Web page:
Google Arts & Culture proposes to learn more about the Pride flag

Madrid, Jun 29 (EFE) .- The Gilbert Baker Foundation and Google Arts & Culture have proposed to publicize what is “behind” the original rainbow flag of Pride, an emblem that was raised for the first time on June 25 1978 in the Plaza of the United Nations in San Francisco.

From the hand of this new window opened from today on the Google platform, and whose name is “Beyond the rainbow”, the visitor will be able to know at a click the history of the LGBTQIA + movement through the colors of the iconic flag of Pride, whose design and its multiple versions have made it a symbol that represents the “full spectrum” of the LGBTQIA + Community, have reported from Google.

Specifically, the Gilbert Baker Foundation discovered in 2019 a piece of the flag that was raised 43 years ago in the United Nations Plaza in San Francisco, a relic that was “believed to be lost a long time ago.” A “priceless” relic that he donated to the San Francisco GLBT Historical Society for all to see.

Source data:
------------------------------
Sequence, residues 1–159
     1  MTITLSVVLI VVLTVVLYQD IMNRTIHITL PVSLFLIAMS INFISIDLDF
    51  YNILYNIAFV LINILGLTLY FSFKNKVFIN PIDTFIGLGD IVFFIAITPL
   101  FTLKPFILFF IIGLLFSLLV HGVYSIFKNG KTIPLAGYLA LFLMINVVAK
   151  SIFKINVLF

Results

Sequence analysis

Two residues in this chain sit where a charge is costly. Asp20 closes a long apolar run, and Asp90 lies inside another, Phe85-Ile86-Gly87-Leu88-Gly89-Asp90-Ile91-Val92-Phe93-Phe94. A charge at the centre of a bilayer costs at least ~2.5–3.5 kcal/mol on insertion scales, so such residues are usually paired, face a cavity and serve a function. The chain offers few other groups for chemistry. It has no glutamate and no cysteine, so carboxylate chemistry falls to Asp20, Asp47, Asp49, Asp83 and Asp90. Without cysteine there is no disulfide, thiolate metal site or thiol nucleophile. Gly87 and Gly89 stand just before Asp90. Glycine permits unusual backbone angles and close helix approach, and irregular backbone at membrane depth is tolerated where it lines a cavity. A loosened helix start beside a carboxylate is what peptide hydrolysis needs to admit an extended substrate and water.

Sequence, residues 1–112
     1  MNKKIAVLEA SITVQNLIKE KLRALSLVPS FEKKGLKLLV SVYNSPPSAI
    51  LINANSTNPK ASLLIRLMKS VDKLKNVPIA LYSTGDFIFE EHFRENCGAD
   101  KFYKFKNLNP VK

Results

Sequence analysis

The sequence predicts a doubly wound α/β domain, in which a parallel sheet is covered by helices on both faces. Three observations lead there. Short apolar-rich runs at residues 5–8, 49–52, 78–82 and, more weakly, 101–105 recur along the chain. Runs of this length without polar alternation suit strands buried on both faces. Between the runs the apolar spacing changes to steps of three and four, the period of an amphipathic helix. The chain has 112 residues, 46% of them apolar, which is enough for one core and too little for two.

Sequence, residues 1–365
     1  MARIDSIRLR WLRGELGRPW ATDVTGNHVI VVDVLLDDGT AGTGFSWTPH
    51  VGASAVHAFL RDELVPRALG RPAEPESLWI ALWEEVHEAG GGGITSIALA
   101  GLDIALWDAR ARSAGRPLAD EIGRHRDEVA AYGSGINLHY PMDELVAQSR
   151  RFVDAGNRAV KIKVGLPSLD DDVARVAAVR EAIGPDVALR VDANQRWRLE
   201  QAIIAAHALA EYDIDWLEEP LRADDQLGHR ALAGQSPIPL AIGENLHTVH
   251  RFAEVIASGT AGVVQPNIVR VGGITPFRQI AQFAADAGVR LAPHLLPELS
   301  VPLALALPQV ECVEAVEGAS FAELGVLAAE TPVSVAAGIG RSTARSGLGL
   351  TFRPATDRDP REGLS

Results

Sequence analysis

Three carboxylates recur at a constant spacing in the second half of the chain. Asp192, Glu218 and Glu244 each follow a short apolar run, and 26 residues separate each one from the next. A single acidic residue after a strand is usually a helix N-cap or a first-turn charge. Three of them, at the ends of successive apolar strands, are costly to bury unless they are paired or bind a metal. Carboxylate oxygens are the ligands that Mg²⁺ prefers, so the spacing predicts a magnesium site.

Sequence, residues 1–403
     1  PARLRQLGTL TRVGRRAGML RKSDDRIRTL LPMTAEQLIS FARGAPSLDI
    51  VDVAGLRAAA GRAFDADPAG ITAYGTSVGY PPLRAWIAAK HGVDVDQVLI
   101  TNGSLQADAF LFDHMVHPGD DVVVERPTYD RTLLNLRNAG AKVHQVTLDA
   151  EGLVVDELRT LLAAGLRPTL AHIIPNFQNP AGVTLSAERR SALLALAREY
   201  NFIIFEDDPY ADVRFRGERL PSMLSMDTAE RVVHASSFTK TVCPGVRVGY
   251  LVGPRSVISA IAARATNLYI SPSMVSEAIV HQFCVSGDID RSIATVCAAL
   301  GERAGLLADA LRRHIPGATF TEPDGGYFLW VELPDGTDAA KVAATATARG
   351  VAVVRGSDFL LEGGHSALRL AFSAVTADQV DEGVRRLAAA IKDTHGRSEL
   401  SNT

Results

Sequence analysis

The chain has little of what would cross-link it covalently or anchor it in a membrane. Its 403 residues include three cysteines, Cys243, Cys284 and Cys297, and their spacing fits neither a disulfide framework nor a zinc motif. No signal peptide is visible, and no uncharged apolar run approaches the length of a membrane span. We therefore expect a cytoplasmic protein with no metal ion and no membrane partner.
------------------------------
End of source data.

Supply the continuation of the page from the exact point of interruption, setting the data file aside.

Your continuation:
A story that can be deepened in “Beyond the rainbow”, and that will be accompanied by other content such as how this flag was created in 1978 by Gilbert Baker and a team of artists in the “heat of the iconic Harvey Milk speech.”

A flag that had 8 colors, each of which had a specific meaning. For example, red represents life; orange, healing; and pink sex.

In this sense, Jake Hall, the British queer writer author of “The Art of Drag”, explains in detail everything there is to know about the different Pride flags and the communities they represent, including the Bisexual Pride flag and the Trans Pride Flag; and artist Rigel Gemini reflects on what it means to be a non-binary mixed artist in the music industry.


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